˙pǝʇɐʌɐɹbbɐ ǝq oʇ puǝʇǝɹd oʇ ǝʞıן ʎǝɥʇ ɥbnoɥʇןɐ 'ʇı ǝʌoן ʎǝɥʇ ˙ʇxǝʇ dıןɟ buısn sʇuǝpnʇs ʎɯ oʇ buıɥʇǝɯos ʇuǝsǝɹd ı ɹɐǝʎ ʎɹǝʌǝ ˙ʎɐp sןooɟ ןıɹdɐ ʎddɐɥ
If you have read my blog before, perhaps you have seen this table. It started out a little forlorn. I had been looking for a good table with a lip around the edge. I knew that I wanted to make a letterpress table and the lip would help keep the blocks in order.
These are the letterpress blocks. They come in all shapes and sizes and fonts. Just like our many fonts today, there are also many sizes and fonts for letterpress blocks. The different colors on the block are from the ink that has been rolled over them. A lot of times, the red is there to stay (which is fine with me!). To clean these blocks, the printers (back in the day) had a little jug filled with gasoline. It had a mesh circle on top that would press down and a small amount of gasoline would come up through the mesh. The printer would soak his rag with the gasoline and use it on the blocks to keep them clean and gunk free.
My family has been in the newspaper and publishing business for almost a hundred years. (There IS a difference between newspapers and publishing by the way.) As a young girl I would see these letterpress blocks used all the time. I began collecting them at antique shows, long before Ebay. Then I collected them off Ebay. I used them for decorating fun, but I was just waiting on the perfect table. Finally, I had it and I poured out my bag(s) of letters one night and had fun. If you will notice, the letters are backwards. They are supposed to be. The word is laid out, the ink rolled on, the paper (or other) set on top and the weight rolled over the paper. Then when you pick up the print, your words are correct. Get it?You know the old idiom, "Mind your p's and q's"? Well now you understand what they meant. When building your words or lines, it is easy to naturally put the letter down as we know and see it. (I am the WORST at that!) Therefore the p's and q's could not be mixed!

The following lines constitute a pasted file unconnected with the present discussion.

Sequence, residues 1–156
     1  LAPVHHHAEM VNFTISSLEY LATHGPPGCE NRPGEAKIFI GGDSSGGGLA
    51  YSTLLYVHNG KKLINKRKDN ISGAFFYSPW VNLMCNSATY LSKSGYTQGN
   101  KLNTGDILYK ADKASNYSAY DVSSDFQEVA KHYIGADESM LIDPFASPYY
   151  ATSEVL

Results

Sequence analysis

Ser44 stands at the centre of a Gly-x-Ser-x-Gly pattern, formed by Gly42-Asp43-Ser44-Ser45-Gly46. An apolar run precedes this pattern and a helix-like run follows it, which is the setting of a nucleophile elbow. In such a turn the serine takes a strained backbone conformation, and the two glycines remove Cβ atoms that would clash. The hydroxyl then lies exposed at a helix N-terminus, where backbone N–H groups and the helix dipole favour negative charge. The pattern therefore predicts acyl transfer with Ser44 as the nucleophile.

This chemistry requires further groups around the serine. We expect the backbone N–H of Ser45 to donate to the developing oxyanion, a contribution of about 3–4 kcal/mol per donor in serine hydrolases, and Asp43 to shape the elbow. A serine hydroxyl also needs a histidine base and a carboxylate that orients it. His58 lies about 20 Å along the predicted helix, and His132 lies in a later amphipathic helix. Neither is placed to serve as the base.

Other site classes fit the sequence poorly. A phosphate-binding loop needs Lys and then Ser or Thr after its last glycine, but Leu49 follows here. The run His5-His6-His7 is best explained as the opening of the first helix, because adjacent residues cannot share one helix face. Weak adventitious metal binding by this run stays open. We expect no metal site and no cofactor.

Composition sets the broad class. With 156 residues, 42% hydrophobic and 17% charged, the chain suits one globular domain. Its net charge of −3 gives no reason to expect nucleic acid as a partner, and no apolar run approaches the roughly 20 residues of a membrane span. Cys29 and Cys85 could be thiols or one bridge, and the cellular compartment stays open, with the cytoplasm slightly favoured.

As you can see in the pictures, I set up names, places and things that are special to our family. I also put in special numbers. I laid them out and sat them on the table then gathered the extra letterpress blocks around them. There is TAYLOR3 (her birthday day) above.
Tim & Lori (above). Yes, I interchanged the fonts frequently. I had to because of the blocks I had. Plus it just makes it more fun.
Kelly.The SON from Ferguson. Sooners and Wucas. (Well I did Wucas for two reasons: 1. I was out of L's. 2. When my youngest son was little, he said his L's and W's. Therefore that made him Wuke Wucas. :) Since I had the other letters for Lucas, I figured why not make it Wucas?
Yes, I even included our beloved pets. Howie. (We've got them ALL on the table!)
I flipped the picture, so the words/letters were facing the camera. The arrows are just a sampling of the words and dates that are on there. I did not "arrow" them all. See what you can pick out! (Don't forget...dog is really God!!)
The same picture without the arrows. See how seamlessly the words and dates all blend together? It's a great puzzle and conversation piece!
Notice the really big blocks, like the L and 1? Aren't the fractions fun?
I also have every single type of punctuation in the big size. An ode to the English teacher in me! This could be a comma or an apostrophe, depending on how it was used. Notice I did not put all the filler letters and numbers in the same direction either. I just filled to fill!
In this picture (in the lower left corner) and the big block in the middle, are advertising blocks. I have lots of old advertising blocks as well. Many of the advertising blocks are brass and can be shined up beautifully.
Believe it or not, I need to start another table. Since I did this one, we had two grandbabies, Leightyn and Behr. One of my sons is engaged as well, so we need to add Tiffani. I thought it would be fun to begin another table, instead of trying to redo the original. I have already begun to store up more letters, numbers and advertising. If you plan on collecting them, be aware, the letterpress blocks are on wood. There are some metal pieces as well, but those were used in linotype machines. I have a few of those as well, but they are the tiny filler pieces.
Now you know everything you ever (or never!!) wanted to know about letterpress blocks and why the letters are always backwards. Don't you agree it was a great April Fools Day lesson?
Here is the ugly little table that I got for $10 (along with another one).
Here it is after I cleaned it up, painted it and made a cute little chalkboard table out of it. It would have been great to keep it just like that.
But I had all these blocks that needed a permanent home.....
I added some very small casters. Mainly for the effect!